A House committee will hold a
hearing next week on a bill that calls for new protections for the shorelines
of lakes and ponds, including
buffer zones for new development to prevent polluting run-off. But some
property owners are concerned that the bill would infringe on their property
The Vermont House recommends a cut in the statewide property tax rate next year; in the Senate, a wide-ranging bill that would crack down on sex crimes won final approval earlier today; IBM’s Vermont factory is hurting; Vermont could become the first state with a "smart" electric grid.
Governor Jim Douglas is before a congressional committee at this hour to make a pitch for financial help for the states; before he left for Washington, Gov. Douglas weighed in on the future of the Vermont Yankee power plant;
Many Vermont towns are seeing
an increase in delinquent property taxes, although the same is not true in New
Hampshire. VPR’s Jane Lindholm talks with Valley News
Reporter John Gregg about what this might say about the two states’ economies
and public policies.
The House Ways
and Means Committee is backing a bill that would dramatically change how Vermonters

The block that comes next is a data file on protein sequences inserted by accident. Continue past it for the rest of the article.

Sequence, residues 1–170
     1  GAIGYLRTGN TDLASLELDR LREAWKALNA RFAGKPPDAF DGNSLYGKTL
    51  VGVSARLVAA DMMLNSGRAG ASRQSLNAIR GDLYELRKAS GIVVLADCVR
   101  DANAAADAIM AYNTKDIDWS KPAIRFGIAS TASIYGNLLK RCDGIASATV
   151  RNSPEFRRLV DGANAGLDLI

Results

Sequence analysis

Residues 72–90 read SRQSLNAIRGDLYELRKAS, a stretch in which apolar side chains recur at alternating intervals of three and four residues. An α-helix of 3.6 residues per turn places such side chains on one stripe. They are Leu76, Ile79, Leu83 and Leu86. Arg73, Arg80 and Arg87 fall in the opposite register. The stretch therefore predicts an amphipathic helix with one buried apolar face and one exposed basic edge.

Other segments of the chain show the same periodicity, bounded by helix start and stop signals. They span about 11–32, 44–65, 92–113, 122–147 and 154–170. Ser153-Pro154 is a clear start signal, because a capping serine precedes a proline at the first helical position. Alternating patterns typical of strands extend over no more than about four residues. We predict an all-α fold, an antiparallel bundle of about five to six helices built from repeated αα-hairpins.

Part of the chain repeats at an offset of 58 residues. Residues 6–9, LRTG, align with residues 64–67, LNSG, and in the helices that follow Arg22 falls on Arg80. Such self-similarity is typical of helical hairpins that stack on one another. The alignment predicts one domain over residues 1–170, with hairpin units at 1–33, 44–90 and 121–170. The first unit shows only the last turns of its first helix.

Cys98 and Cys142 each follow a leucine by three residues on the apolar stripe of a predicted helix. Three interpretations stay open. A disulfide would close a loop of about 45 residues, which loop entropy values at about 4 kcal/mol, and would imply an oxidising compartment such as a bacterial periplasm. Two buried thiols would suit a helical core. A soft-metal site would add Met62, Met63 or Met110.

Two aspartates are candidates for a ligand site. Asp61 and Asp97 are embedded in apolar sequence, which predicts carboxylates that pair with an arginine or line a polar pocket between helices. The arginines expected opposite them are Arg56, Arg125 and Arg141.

pay for education.
The residential property tax for education would be
eliminated and replaced with a new income tax surcharge.
As VPR’s Bob Kinzel reports, the legislation faces
some major hurdles.
House Speaker Gaye Symington says Vermonters need property tax relief. And she
wants to pay for it with $21 million dollars raised by eliminating a capital
gains tax exemption.
Governor Jim Douglas rejects the idea. He says the Speaker is trying to launch
new spending programs.
sudden closing of a central Vermont property management company has triggered an
investigation by local police and the FBI. It’s
also created concern on the part of area tenants and landlords who did business
with the company.
Property taxpayers should not expect a reduction in statewide school taxes this
the message from Montpelier. The state has lowered its forecast for how much
money will be collected in taxes. So that means little money for property tax
the Douglas Administration and legislative leaders are in a political spat over
what to do about it.